It’s been a relatively quiet year for PC gaming, but that in no way means it’s been a bad year.
In the absence of the usual big-budget RPG sprawls and major franchise regurgitations, more experimental games have stepped into the spotlight.
So here’s to the weird and the alternative ones that have brightened up 2019. In an industry that can often feel relentlessly industrial and commercial, it’s refreshing to have a year in which the weird and inventive games have been allowed to flourish.
We've also listed the best PC games ever if you fancy playing older titles as well.
1. Disco Elysium
Old-school style RPG Disco Elysium creeps up out of nowhere to take our top spot. It’s an RPG in the purest sense of the word, with each of your actions feeling consequential, and a robust levelling system that lets you immerse yourself in the role of good cop, bad cop, or some kind of maverick in between.
You play a troubled detective working in a fictional city district overrun by vice. While investigating a dark conspiracy stemming from a murder, you’ll face tough choices that will affect your character’s mental state and future dialogue options – it’s even possible to drive him utterly mad!
There’s minimal combat, but a great sense of gravitas to every player decision, making for one of the most weighty and oppressive RPGs ever made.
2. Resident Evil 2 REmake
Is this the greatest videogame remake ever made? Quite possibly. With Resident Evil2 REmake, Capcom wisely stayed true to the beats of the original story, which sees dual protagonists with divergent stories Leon and Claire try to escape the zombie-infested Raccoon City.
Beyond that, this remake reimagines everything else perfectly. Resources are scarce, basic zombies become a constant bullet-absorbent threat that can burst through doors between areas, and Mr X is a systemic menace, unstoppably stomping after you for half the game.
There’s even something of that Souls-like level design as you steadily open up shortcuts to offer some respite from the horror.
3. Outer Wilds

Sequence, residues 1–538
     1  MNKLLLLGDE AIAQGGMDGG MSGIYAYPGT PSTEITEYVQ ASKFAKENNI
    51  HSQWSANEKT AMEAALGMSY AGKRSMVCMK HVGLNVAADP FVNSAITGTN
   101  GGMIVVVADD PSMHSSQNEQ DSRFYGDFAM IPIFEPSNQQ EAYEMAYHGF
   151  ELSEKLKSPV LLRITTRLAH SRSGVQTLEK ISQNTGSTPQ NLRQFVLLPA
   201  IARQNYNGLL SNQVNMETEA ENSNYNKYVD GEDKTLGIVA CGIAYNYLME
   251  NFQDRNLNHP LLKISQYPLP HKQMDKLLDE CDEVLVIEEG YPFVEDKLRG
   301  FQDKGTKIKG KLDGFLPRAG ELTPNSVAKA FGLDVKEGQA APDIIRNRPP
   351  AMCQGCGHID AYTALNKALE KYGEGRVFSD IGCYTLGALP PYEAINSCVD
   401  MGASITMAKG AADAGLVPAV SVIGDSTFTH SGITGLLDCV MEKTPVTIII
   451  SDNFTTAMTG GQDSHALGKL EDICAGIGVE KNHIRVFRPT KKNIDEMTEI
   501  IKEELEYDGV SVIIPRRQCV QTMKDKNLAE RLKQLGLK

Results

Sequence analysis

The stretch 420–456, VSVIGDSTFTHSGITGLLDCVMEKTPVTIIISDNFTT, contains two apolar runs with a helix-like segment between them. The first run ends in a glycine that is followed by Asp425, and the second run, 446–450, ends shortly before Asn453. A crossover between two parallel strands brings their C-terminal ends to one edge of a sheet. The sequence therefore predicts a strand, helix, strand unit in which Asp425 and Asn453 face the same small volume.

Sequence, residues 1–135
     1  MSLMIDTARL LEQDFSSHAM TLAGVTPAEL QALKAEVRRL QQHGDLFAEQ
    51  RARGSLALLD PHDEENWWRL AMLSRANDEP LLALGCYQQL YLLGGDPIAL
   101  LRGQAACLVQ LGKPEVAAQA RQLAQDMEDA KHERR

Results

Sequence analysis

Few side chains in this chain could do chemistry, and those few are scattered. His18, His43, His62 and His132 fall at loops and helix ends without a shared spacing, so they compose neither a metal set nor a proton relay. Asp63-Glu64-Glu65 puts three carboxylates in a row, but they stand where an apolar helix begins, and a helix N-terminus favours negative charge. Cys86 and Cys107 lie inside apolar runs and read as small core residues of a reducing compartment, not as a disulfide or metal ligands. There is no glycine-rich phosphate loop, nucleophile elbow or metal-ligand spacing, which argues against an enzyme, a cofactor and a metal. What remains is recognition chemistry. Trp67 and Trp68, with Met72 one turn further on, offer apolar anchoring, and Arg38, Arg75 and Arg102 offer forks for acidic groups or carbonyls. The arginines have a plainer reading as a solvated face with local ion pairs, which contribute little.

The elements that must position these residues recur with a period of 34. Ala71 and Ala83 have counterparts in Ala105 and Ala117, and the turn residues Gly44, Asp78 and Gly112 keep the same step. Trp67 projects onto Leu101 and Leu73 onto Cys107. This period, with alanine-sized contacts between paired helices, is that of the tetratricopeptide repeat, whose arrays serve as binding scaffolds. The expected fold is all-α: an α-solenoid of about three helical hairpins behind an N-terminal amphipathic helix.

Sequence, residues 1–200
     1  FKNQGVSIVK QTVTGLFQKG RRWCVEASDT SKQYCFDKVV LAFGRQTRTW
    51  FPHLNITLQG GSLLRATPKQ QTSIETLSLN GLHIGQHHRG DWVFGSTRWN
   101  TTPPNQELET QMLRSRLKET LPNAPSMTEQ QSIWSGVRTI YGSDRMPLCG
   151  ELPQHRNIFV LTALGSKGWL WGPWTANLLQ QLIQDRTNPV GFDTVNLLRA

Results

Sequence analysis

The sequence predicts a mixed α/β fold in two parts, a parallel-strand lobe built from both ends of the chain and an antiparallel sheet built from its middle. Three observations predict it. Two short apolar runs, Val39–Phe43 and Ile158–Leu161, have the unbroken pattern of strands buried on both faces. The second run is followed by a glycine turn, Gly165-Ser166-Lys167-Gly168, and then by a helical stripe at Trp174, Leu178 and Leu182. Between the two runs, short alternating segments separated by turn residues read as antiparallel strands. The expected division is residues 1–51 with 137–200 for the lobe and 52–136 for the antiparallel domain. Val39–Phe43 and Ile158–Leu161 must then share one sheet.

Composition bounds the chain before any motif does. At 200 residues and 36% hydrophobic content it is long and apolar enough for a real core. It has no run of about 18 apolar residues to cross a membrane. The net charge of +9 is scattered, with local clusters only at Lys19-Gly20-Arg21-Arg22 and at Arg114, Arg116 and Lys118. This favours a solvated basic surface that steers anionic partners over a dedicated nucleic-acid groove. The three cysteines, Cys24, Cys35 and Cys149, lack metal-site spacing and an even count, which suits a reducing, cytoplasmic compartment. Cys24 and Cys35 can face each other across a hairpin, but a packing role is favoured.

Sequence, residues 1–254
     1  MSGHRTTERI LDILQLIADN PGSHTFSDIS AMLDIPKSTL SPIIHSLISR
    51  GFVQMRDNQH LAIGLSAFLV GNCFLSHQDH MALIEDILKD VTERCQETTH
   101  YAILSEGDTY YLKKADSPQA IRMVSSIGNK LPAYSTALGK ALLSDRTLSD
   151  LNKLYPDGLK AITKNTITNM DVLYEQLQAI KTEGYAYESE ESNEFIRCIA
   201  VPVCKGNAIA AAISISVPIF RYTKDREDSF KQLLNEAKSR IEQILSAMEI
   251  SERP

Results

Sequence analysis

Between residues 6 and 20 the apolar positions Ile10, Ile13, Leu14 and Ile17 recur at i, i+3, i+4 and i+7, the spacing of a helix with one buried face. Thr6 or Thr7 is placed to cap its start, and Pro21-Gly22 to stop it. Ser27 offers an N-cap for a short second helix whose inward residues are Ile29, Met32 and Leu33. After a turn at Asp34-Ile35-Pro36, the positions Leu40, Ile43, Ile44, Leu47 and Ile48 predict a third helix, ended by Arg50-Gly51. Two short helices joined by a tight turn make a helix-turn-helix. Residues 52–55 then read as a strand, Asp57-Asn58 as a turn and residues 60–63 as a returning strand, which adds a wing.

Gamers have a fair amount of space exploration games to choose from today, but something that many of them lack is personality – a sense that the places you discover have their own cultures, architecture and people, places that are homes rather than just resource repositories to exploit.
Outer Wilds addresses that, treating us to a warm, welcoming adventure filled with cosmic mystery and puzzles.
It’s a game for those who want to take their time, to explore every corner and learn about the diversity of planets they visit. You’ll die and be reborn many times, but it’s presented so elegantly that you’ll be smiling all the way instead of biting your controller in frustration (see: Sekiro).
4. Total War: Three Kingdoms
The Total War series has always been one of the finest exclusives on PC, but since its stabs at the Warhammer canon it’s reached new heights in terms of integrating great storytelling into its campaigns.
With Three Kingdoms, diplomacy, quests and campaigns all feel rich and engaging, while the more immediate matter of the battles themselves continues to be unrivalled.
Ancient China is a resplendent setting for the Total War formula, and fans of the Three Kingdoms saga will be delighted to lead great generals like Lu Bu, Cao Cao and Guan Yu into battle to the chimes of a beautiful musical score. From the sight of elegant Chinese forts burning in a night siege to the epic turn-based campaign, this is a spectacle worthy of its epic source material.
5. Sekiro: Shadows Die Twice